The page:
Other peripherals

Network card gets detected and works fine under the stock kernel. It also works fine with compiled kernels.

IDE chipset gets properly detected too. It is reported as ALI 15x3, which is fine and works well.

Sound hardware gets detected fine. I don't usually use sound (where I work silence is appreciated :-), but I have tested a few sound applications under GNOME and they all worked OK. The test was done under 2.5.68 kernel with ALSA drivers for ALi 5451 sound chip.

I haven't tested the modem at all because I don't use it. My understanding is that drivers are not part of the kernel, so you are on your own here.

Also, I don't have any PCMCIA cards, so that's not been tested by me either.


As I play with more stuff, I'll report back here. One thing to notice is that I have tried Red Hat Linux 8.0 on this hardware too and it was OK. However, version 9 seems much faster, so if you have it, don't waste your time on 8.0.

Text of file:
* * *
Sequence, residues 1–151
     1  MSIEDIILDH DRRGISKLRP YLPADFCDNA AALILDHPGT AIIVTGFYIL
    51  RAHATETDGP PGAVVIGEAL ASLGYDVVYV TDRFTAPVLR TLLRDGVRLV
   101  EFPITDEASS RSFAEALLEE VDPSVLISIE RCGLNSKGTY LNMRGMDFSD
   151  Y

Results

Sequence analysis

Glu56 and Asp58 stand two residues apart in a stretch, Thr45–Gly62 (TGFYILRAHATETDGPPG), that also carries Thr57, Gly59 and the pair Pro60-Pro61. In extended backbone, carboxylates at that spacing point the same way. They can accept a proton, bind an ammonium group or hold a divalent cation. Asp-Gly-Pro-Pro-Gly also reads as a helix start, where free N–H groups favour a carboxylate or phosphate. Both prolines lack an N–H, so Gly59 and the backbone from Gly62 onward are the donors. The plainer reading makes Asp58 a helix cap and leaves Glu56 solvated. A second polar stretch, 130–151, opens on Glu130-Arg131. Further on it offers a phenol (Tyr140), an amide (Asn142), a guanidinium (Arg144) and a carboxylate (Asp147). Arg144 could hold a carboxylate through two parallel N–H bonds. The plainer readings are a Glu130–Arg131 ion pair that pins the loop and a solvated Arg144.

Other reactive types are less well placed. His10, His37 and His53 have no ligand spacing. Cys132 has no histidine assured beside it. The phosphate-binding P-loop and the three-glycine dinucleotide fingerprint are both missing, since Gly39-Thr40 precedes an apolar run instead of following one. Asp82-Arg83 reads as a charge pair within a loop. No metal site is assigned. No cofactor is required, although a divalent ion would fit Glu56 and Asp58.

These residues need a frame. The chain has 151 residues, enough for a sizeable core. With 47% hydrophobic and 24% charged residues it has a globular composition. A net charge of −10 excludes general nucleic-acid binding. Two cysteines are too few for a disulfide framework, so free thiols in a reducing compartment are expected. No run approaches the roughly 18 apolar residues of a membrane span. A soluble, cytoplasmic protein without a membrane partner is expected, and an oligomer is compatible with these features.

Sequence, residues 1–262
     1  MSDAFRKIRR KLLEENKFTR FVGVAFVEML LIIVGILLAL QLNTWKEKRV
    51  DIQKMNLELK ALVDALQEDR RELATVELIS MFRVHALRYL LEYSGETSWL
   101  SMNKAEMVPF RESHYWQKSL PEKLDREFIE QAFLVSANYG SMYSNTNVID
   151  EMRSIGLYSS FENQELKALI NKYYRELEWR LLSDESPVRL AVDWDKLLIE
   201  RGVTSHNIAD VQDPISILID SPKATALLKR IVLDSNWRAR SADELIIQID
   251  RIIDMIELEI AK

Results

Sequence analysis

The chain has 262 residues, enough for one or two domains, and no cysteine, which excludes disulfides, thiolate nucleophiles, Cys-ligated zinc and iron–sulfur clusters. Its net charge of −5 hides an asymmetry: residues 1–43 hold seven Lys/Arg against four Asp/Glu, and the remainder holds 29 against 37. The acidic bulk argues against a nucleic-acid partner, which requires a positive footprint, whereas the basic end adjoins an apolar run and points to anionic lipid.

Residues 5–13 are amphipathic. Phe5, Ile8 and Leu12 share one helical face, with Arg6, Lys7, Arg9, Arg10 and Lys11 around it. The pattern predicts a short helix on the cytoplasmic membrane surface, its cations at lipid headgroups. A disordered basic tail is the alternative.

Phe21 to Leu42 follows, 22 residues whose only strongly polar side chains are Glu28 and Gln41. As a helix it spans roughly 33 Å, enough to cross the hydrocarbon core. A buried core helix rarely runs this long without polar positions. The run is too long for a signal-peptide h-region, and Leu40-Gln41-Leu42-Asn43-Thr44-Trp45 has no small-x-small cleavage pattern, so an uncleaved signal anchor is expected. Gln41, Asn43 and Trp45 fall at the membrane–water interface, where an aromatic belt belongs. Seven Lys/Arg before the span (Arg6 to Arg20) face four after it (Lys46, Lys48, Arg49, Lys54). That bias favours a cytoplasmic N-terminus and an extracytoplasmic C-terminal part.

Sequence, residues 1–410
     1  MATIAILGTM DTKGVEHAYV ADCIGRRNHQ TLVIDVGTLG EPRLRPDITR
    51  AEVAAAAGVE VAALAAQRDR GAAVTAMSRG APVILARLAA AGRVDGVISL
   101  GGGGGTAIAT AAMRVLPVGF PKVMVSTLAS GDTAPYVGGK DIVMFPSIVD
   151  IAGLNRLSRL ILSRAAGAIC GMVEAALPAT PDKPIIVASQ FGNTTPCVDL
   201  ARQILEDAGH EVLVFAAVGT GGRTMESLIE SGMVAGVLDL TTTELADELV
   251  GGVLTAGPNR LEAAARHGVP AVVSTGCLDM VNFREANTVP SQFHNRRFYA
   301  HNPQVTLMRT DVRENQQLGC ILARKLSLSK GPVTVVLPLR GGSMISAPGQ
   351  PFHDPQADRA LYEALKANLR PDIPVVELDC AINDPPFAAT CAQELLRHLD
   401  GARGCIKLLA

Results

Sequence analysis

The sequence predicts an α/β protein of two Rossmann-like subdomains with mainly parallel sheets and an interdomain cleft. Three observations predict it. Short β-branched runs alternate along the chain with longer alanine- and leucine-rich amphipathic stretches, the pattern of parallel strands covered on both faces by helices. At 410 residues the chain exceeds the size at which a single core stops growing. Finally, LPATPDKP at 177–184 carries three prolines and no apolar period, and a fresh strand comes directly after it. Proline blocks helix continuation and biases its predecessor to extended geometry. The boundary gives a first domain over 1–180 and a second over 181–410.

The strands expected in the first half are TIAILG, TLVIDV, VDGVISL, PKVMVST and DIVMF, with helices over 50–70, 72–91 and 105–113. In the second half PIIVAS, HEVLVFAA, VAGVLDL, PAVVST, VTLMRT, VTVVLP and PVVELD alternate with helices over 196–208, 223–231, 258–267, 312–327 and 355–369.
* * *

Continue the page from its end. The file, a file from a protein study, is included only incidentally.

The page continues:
Overall, I'm happy with the way this notebook works under Red Hat Linux 9.

Copyright © 2003 - 2007 Bojan Smojver, Rexursive.
Permission is granted to copy, distribute and/or modify this document under the terms of the GNU Free Documentation License, Version 1.2 or any later version published by the Free Software Foundation; with no Invariant Sections, no Front-Cover Texts, and no Back-Cover Texts. A copy of the licence is here